If you could play any other role in Half A Sixpence, who would you want to play? 
I'd love to be Flo. I think she's such an adorable character and Beth [Bethany Huckle] plays her so well. She's so sweet! My favourite number in the show is Touch Of Happiness with her, and we have such a giggle on that stage and get on so well together, so I'd definitely like to be Flo... because she's cute! 

And finally... in keeping with the name of this blog, what is the stagiest thing about you? 
Oh...I have posters all over my walls, of shows that I like and shows that I've been in. That's quite stagey! And I've got a couple of spotify playlists that are pretty stagey too, but they only come out on special occasions of course. I've literally got stage stuff all around my room... I've got Phantom of the Opera, Mamma Mia, Taboo and Half A Sixpence on the wall now too! I'm not overly stagey, but I do like a poster! 

Thanks so much to Devon-Elise for taking part in this interview! 

You can read my review of Half A Sixpence here, and visit  for more information and to book tickets. 

Review - Half A Sixpence (Noël Coward Theatre)

After a well received run at the Chichester Festival Theatre, a new stage adaptation of Half A Sixpence has opened at London's Noël Coward Theatre. 

While audiences may be familiar with the 1967 film of the same name, this new production features a completely new book, adapted by Julian Fellowes from the semi-autobiographical HG Wells novel Kipps, and a new score by songwriting duo Stiles and Drewe. Fans of David Heneker and Beverley Cross' original score need not be disappointed though, as it has been tweaked and incorporated  into the production alongside a litany of new tunes.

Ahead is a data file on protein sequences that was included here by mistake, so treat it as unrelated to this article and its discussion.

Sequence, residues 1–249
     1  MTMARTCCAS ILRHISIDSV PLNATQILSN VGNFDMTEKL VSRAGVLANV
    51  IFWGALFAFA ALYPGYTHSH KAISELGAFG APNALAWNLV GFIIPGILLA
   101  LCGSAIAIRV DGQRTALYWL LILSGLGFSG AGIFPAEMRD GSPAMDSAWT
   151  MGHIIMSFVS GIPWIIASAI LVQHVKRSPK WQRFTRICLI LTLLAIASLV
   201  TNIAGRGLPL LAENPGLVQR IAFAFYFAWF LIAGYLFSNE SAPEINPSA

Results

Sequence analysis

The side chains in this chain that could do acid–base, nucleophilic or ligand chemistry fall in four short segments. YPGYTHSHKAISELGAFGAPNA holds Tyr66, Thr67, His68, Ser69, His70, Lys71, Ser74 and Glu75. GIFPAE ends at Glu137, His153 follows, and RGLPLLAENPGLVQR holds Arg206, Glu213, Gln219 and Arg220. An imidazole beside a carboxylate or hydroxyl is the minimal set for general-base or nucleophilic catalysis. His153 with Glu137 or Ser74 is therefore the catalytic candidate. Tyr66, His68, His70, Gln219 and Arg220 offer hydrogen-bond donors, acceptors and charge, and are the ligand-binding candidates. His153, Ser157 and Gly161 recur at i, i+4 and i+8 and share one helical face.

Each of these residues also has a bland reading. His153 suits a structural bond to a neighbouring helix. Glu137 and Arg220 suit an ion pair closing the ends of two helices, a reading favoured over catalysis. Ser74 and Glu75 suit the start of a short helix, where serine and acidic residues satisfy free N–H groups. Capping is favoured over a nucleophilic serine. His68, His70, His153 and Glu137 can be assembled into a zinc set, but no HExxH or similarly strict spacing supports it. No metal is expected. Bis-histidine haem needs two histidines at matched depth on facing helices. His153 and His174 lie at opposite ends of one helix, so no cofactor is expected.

Photo credit - Manuel Harlan
The story itself is a fluffy affair. Julian Fellowes' book is full of adorable archaisms, but also features an abundance of humour and warmth more suited to modern audiences' tastes. Similarly, a couple of racier references elicit a few giggles from the audience but still fit believably into the musical's Edwardian setting.

Young sweethearts Arthur Kipps and Ann Pornick grow up together in a small Kentish village, but are separated when Kipps is offered an apprenticeship in a drapery in a Folkstone. Years later Kipps inherits a large sum of money and starts rubbing shoulders with the higher classes, in particular the family and acquaintances of local beauty Helen Walsingham. However, the longer Kipps spends in the company of wealthy but banal members of society, the more he starts to miss his old life. 

There can be no doubt that an absolutely first rate cast has been assembled for this production. The ensemble works incredibly hard and sells one group number after the other. Pick Out A Simple Tune and Flash, Bang, Wallop are particularly fun, and showcase the incredible energy and enthusiasm of the company, as well Andrew Wright's lively and dynamic choreography.

Devon-Elise Johnson makes the audience fall in love with her delightfully self-assured Ann Pornick almost immediately. Meanwhile dependable musical theatre star Emma Williams, who received an Olivier Award nomination for her performance in Mrs Henderson Presents earlier this year, is once again in fine voice as Helen Walsingham. Although the role itself is ultimately a little bit bland, Williams portrays the role with a hint of subdued sadness which offers a subtle but affecting insight into the realities of life in Edwardian England, and all-consuming importance of class and social standing.

Additionally, Alex Hope, Sam O'Rourke, Callum Train and Bethany Huckle make a fantastic quartet as Kipps' pals from the drapery, who each imbue their roles with distinctive personality and exude a wonderfully convivial dynamic in every scene they share. Similarly, Williams' Mrs Henderson Presents costar Ian Bartholomew is energetic and amiable as Kipps' whimsical friend, actor and aspiring playwright Harry Chitterlowe. 

Without a doubt though, the star of the show is Charlie Stemp as Arthur Kipps. He injects the role with tons of boyish charisma, and has the audience enraptured from beginning to end. Every second of his charismatic performance is simply joyous to watch. To see a young actor so at ease on stage is hugely impressive, and no doubt Stemp will be one to watch from now on.